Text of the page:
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The 76ers found one way to solve their spacing issues.

Philadelphia showed good ball movement, finding Furkan Korkmaz for an open corner 3-pointer. The catch? Korkmaz got open, because the 76ers had six players on the floor.

I love Kyle O'Quinn trying to slink off the court. He wanted to get away with it. Tobias Harris, who jogged to the bench, was practically begging to get caught.

Honestly, I’m a little surprised how quickly the Bulls noticed the violation. It’s not as if their defense scrambling is anything new.

Thirty days after being called ‘day-to-day,’ Karl-Anthony Towns returns to Timberwolves

Karl-Anthony Towns
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Timberwolves coach Ryan Saunders called Karl-Anthony Towns “day-to-day” with a left knee sprain.

That was 30 days ago.

Towns finally returned to Minnesota’s lineup, starting against the Pacers tonight.

While out due to his knee, Towns also battled illness. That undoubtedly complicated matters. But the Timberwolves repeatedly calling him “questionable” raises questions about their commitment to transparency. That’s important in an NBA embracing gambling.

Towns’ 17-game absence is a rare dent in his durability. In his first four seasons, Towns missed only five games – two due to a car crash.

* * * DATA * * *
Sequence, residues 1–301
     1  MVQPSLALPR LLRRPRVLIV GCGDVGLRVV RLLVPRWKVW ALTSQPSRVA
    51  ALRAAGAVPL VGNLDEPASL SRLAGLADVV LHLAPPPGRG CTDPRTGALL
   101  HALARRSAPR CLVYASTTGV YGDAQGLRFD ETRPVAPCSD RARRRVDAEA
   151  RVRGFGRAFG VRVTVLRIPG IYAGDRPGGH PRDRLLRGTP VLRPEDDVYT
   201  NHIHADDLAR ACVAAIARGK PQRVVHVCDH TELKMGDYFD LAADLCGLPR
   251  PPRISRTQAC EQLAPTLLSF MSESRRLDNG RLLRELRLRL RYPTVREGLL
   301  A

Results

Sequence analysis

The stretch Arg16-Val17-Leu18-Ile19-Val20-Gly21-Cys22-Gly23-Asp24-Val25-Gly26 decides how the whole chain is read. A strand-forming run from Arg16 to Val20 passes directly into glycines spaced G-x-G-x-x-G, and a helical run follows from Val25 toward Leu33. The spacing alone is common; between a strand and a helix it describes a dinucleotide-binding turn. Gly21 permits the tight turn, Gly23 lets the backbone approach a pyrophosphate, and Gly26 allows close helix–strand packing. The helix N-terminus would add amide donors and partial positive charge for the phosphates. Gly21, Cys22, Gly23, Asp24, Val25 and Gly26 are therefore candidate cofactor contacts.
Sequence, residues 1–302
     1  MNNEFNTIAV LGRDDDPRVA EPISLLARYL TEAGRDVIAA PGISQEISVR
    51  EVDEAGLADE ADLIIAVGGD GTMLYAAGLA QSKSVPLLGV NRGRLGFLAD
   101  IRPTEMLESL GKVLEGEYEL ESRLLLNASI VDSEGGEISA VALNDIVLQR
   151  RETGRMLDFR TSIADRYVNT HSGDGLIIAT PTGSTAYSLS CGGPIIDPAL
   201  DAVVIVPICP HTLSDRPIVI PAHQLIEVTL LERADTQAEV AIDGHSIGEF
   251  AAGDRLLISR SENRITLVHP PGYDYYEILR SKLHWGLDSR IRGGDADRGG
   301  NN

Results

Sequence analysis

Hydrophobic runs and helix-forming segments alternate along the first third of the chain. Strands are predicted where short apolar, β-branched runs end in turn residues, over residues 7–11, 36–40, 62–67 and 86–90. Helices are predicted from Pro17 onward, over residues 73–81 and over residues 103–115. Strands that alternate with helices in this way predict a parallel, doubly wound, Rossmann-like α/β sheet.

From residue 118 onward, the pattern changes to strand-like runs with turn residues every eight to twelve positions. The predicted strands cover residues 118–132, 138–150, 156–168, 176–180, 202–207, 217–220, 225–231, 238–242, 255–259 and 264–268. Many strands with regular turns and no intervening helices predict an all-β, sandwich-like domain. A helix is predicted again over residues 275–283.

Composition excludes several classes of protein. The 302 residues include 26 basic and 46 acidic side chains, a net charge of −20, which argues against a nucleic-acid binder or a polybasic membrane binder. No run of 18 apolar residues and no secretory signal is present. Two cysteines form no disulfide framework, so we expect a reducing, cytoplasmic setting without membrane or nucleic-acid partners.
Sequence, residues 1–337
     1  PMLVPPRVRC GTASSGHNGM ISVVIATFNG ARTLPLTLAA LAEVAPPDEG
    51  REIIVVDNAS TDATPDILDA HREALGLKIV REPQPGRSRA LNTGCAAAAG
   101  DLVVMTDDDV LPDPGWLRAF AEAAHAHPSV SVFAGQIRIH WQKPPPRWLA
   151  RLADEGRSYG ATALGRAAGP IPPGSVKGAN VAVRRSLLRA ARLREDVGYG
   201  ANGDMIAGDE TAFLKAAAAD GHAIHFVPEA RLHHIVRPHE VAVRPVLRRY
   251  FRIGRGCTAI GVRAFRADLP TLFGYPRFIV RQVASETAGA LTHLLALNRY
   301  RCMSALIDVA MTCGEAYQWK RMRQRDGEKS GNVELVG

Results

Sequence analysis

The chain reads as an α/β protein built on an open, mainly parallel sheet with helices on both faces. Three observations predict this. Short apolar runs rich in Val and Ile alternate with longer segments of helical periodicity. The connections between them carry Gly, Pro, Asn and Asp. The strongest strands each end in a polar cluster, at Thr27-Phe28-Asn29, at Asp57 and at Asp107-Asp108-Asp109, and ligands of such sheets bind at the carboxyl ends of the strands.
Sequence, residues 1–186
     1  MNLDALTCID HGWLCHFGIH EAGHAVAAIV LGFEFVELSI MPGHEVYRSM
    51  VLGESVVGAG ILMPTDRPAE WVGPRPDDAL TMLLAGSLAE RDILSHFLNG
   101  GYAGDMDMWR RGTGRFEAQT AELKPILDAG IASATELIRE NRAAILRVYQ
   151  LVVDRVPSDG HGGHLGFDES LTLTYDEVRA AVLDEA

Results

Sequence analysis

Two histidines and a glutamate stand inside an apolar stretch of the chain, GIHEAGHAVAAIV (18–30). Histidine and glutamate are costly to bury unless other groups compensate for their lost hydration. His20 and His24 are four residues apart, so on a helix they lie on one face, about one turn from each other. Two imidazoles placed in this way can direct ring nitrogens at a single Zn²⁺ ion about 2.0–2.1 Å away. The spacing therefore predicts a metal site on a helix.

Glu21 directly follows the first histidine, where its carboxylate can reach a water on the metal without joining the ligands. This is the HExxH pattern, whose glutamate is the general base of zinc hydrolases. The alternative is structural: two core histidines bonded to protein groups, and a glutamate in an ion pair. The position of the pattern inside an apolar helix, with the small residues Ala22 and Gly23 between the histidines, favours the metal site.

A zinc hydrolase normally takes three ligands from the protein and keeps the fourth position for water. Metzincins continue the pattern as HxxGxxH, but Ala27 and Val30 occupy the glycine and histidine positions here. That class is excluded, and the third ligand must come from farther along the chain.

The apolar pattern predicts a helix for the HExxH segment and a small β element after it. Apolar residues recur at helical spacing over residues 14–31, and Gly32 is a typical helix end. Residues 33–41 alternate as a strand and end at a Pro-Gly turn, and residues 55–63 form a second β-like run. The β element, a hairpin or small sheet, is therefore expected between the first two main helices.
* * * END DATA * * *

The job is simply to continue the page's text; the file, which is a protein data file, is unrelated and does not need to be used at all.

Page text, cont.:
Towns is Minnesota’s best player. He could provide a jolt to a team hanging in the playoff race. But, after a strong start, the Timberwolves began to tumble even before Towns went down. They’re probably won’t make the playoffs, though their odds are definitely better with him. At least he returns in time to make an All-Star case.

Knicks’ Marcus Morris after 23-point loss to Suns: ‘We were a better team’

Knicks forward Marcus Morris
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Marcus Morris loathes the Suns.

Unfortunately for him, his Knicks lost to the Suns, 121-98, yesterday.

Morris, via Kristian Winfield of the New York Daily News:

“Kudos to Phoenix, but at the end of the day, we were a better team,” Marcus Morris said postgame. “We should have got that win tonight.”

Nahhh.

The Knicks stink. They’ve lost seven of eight. Morris talked about energy, and New York’s could be better. But this is what happens on losing teams. The Knicks’ roster just isn’t good enough. It’s not more complicated than that.

The Suns aren’t great, either. But they’re much better than New York – no matter how much that grinds Morris.

Kyrie Irving on his leadership style: “It’s not like I’m an a****** yelling at everybody”